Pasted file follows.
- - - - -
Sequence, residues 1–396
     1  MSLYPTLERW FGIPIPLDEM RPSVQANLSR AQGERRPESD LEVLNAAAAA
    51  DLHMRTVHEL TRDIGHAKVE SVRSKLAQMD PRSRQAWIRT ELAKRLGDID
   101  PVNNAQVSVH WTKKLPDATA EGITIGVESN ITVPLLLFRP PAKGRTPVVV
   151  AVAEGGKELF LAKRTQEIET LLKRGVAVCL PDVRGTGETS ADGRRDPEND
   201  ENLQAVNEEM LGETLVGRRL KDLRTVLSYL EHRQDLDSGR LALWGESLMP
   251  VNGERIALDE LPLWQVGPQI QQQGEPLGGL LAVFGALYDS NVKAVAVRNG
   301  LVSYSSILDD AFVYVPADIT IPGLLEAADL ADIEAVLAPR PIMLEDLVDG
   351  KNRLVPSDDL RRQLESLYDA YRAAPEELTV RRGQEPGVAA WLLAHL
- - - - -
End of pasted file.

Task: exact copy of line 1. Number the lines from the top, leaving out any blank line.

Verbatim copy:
Sequence, residues 1–396